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Winter 2005

Field hockey coach Tina McDavitt discusses strategies with members of the team, also shown competing on the new Bello Field (below). The team has seen a turnaround, finishing 10–6 for the 2004 season.
Photo by Justin Allardyce Knight

Field Hockey Fever

What a difference a year makes. The Tufts field hockey team finished the 2004 season 10–6, nearly reversing their record from last year.

It’s a dramatic turnaround that has a lot to do with sheer talent, but team members are also quick to credit the arrival of a new coach and the chance to compete on new home turf—a state-of-the-art playing field.

“Having a new coach and a new field brought an excitement that we could grow from,” said senior midfielder/back Jayme Heller. “It was a new beginning.”

A year ago, Tufts finished with a 5–10 record and lost 6–0 to Bowdoin College in the first round of the New England Small College Athletic Conference (NESCAC) Tournament. It was the third consecutive season in which the Jumbos lost ten games.

During the off-season, the field hockey/lacrosse coaching position was split, and Tina McDavitt was hired to coach field hockey. Carol Rappoli, who had coached both squads for 19 seasons, remained as the head coach for lacrosse and as a field hockey assistant.

Around the same time, construction began on an all-weather, synthetic turf field located just behind the baseball field opposite Cousens Gym. John Bello, A68, co-founder of the South Beach Beverage Company (SoBe) and an athletics overseer, and his wife, Nancy, J69, made a $1.8 million naming gift for the new field (an anonymous donor has contributed an additional $500,000). The field doubles as a canvas for a “charging” Jumbo, and the unmistakable mascot most likely contributed to Tufts victories.

With this show of support from the university, the team made tremendous strides. The Jumbos won at Wesleyan University, 2–0, in the first round of the league tournament, advancing to the NESCAC semifinals for the first time in four years. The conference title was won by Williams College, a team Tufts defeated 1–0 during the regular season.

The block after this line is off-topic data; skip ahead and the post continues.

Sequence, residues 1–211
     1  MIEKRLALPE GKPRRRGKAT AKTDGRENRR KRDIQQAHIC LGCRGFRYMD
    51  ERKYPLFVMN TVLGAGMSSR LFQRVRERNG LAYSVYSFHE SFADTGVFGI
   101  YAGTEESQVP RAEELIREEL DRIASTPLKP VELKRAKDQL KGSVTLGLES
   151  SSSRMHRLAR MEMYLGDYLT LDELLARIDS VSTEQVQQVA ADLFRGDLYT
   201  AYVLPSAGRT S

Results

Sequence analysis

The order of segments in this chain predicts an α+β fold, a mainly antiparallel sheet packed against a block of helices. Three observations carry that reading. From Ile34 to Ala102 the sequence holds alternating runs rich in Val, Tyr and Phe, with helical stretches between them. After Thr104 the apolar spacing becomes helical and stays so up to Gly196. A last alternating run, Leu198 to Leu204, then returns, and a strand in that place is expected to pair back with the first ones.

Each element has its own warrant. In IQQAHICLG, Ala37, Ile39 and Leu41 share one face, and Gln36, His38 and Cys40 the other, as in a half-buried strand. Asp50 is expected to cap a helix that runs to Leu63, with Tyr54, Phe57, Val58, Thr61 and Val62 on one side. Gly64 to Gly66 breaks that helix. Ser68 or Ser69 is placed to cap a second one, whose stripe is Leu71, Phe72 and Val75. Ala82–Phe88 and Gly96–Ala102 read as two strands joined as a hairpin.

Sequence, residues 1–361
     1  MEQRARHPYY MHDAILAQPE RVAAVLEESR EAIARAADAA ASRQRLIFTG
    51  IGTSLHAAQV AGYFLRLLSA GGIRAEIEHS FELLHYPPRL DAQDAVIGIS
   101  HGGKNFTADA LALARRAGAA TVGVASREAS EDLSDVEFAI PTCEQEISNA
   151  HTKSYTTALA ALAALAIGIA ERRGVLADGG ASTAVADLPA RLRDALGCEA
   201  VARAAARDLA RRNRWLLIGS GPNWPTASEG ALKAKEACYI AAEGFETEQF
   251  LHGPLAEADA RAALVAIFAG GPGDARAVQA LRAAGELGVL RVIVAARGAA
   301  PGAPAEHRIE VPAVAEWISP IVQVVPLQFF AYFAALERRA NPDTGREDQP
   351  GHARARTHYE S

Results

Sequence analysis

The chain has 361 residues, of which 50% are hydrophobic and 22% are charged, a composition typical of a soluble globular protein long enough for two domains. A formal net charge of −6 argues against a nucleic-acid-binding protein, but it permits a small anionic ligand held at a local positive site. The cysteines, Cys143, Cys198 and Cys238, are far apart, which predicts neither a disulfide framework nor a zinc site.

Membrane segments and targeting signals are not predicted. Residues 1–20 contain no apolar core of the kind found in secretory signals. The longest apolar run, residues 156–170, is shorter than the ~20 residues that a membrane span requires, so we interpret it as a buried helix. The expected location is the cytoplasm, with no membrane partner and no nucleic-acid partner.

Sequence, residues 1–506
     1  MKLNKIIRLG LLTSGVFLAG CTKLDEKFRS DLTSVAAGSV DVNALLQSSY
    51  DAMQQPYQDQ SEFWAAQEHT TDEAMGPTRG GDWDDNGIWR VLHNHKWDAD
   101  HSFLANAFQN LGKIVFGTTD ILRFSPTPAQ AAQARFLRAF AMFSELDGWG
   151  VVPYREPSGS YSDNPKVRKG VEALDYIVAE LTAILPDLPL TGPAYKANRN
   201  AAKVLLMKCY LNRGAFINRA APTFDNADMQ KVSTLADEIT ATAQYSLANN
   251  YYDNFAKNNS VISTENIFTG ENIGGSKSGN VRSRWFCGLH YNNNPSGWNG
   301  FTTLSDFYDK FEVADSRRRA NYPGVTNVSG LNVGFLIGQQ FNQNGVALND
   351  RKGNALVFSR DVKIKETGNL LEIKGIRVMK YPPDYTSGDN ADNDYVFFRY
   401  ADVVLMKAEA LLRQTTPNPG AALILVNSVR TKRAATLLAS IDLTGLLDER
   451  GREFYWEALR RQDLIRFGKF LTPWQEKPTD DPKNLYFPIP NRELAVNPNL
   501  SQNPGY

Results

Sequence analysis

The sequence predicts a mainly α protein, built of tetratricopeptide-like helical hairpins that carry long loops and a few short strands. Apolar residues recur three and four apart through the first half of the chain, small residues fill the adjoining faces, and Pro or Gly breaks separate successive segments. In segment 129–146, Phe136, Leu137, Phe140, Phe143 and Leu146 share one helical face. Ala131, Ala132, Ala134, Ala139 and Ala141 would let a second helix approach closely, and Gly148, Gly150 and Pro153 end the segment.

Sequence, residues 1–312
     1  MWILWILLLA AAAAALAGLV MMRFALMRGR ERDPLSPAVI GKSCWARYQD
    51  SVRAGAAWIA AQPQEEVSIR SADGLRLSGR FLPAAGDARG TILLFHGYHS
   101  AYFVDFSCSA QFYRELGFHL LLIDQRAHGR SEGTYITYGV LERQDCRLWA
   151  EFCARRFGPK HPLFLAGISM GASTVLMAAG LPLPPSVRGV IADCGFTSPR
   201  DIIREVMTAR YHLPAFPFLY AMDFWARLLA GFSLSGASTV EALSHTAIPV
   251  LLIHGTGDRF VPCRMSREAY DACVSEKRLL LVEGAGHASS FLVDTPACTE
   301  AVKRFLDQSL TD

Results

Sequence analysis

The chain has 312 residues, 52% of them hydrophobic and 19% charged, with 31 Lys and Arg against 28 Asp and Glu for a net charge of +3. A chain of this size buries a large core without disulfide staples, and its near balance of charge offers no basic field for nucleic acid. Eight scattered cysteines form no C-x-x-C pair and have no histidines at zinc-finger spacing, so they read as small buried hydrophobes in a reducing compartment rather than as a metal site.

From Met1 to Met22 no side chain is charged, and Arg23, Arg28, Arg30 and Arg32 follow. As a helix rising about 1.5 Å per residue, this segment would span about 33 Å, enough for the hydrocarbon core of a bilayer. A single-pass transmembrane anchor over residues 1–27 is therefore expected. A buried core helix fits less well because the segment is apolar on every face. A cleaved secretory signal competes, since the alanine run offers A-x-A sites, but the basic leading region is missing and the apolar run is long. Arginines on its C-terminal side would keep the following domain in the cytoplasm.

“There was a change in attitude and expectation,” McDavitt said. “I expected to win every game, pushed them hard at practice, kept the standard high, and they met it.”

McDavitt came to Tufts from Holy Cross, where she was an assistant coach. She was previously a member of local field-hockey powers in the town of Walpole and at Boston University. She is a member of the USA Field Hockey national indoor squad that is aiming to qualify for the World Cup in 2006.

“Her intensity and love for the game really helped us,” said senior tri-captain Dana Panzer. “Every practice she was out there, loving every minute of it, and it was definitely contagious. From her experience and because of the amazing player she is, she brought so much skill and knowledge of the game.”

Bello Field gave the Jumbos home advantage for the first time. They previously played on the grass in the baseball outfield at Huskins Field, which made for a slower game. Adjusting quickly to the turf, which allowed for more finesse, Tufts won its first four games on the field and was 6–2 overall there.

“The new field gave us more consistency, especially when we had to play on Astroturf,” said junior tri-captain Lea Napolitano, referring to the fact that most schools now play on turf. “It was easier to play on other people’s surfaces with ours being better this year. It’s less a hit-and-run game; there’s more accurate passing and more skill.”

Tufts displayed talent both offensively and defensively. Panzer led a revived offense that scored 32 goals, the most by a Tufts team since 1996. She broke the team’s single-season scoring record with 33 points on 12 goals and nine assists. The Jumbos were also excellent defensively, earning eight shutouts for the team’s best total since 1997.

The combination of coaches McDavitt and Rappoli gave the Jumbos expertise in both areas. McDavitt was an all-star at BU known for her scoring prowess, while Rappoli’s teams at Tufts were always strong defensively. What could have been an awkward situation, with a young coach taking over for a veteran who would become her assistant, instead was a factor in their success. Plus, Rappoli, who had recruited the entire team, was around to enjoy it.

“With Tina coming in, she didn’t really know where we were in the past,” Heller said. “With Carol, she knew how far we had come. When we beat a team this year that we hadn’t beaten last year, or that we never beat, the excitement that we got from her was great because she knew where we had come from.”

The team looks now to move beyond the respect they gained this year and become annual contenders for the conference title.

“As a first-year coach, I had no idea what to expect,” McDavitt said. “Now I can push them even harder. They far exceeded my expectations on how athletic they were. Now I want them to far exceed my expectations of them as field hockey players.”